Hendrik van der Breggen makes an excellent suggestion. No one is safe from bullies. Children and adults suffer alike. Schools need a safe place for anyone who feels victimized to get help and feel safe.
Kids could be emotionally supported and helped to develop measures to stop bullying at their school while demonstrating respect for all body shapes, colour, ethnicity and religious beliefs.
We would be taking a better path to helping our vulnerable and young people if we make these schools' clubs inclusive and not divisive.
It is fitting, in some dark way, that Hendrik van der Breggen winds down his article with a nod to Mark Yarhouse's book Homosexuality and the Christian. Yarhouse, as it turns out, has tried to prove that sexual orientation can be changed. He is also a man whose "research" (using the term loosely) has been publicly panned by the American Psychological Association.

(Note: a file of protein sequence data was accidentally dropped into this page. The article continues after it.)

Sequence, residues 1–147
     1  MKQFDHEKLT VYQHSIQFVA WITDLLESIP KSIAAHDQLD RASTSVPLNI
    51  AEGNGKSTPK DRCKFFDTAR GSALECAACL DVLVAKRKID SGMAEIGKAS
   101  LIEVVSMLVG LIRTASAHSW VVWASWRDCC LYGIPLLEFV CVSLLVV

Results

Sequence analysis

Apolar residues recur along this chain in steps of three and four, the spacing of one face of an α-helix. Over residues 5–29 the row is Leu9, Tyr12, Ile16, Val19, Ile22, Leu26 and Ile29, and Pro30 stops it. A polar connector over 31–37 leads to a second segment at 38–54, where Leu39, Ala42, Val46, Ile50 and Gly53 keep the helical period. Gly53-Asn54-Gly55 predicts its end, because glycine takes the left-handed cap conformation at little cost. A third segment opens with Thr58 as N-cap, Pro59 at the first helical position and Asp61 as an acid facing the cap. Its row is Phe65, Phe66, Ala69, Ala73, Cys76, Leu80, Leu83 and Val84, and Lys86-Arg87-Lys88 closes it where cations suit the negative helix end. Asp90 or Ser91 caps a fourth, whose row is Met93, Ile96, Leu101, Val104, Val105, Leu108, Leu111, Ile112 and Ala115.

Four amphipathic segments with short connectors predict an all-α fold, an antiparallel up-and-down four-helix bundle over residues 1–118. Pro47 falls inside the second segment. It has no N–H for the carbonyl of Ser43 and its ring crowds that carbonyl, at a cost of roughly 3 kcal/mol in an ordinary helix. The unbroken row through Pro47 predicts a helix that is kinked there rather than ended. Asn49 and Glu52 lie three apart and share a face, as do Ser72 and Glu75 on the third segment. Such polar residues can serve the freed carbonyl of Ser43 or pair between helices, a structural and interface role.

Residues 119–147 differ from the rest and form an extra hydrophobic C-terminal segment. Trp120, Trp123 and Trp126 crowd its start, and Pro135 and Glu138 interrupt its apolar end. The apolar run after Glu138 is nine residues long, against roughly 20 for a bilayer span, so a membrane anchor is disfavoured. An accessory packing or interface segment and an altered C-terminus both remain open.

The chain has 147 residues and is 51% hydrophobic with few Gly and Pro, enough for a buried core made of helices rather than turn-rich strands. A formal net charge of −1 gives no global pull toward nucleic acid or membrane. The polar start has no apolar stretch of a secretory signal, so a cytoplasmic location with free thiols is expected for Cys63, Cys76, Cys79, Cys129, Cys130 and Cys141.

This is exactly the kind of pseudo-scientific discrimination that our friends and family in the LGBT community deal with daily. It doesn't matter what your religion is; being gay is an essential part of who someone is. Giving them a safe space should not, and will not, cause a crisis in your religious beliefs.
Impossible to clear
Re: West End snow ridge 'absolutely ridiculous' (March 12). Twice this snow-clearing season, I have opened my garage door in Linden Woods in the early afternoon to find my driveway completely blocked by a solid wall of packed snow and ice more than three feet high.
Not only was it impossible for me to clear the snow to enable driving out, but it would have been dangerous to attempt to scale the wall of ice on foot. I called the city help line to report that there was no safe way for me to leave my property, nor for anyone else to enter it.
I was told that city policy allows snow-removal crews to block access or egress to a residence for up to eight hours by creating what the 311 operator euphemistically referred to as a "windrow."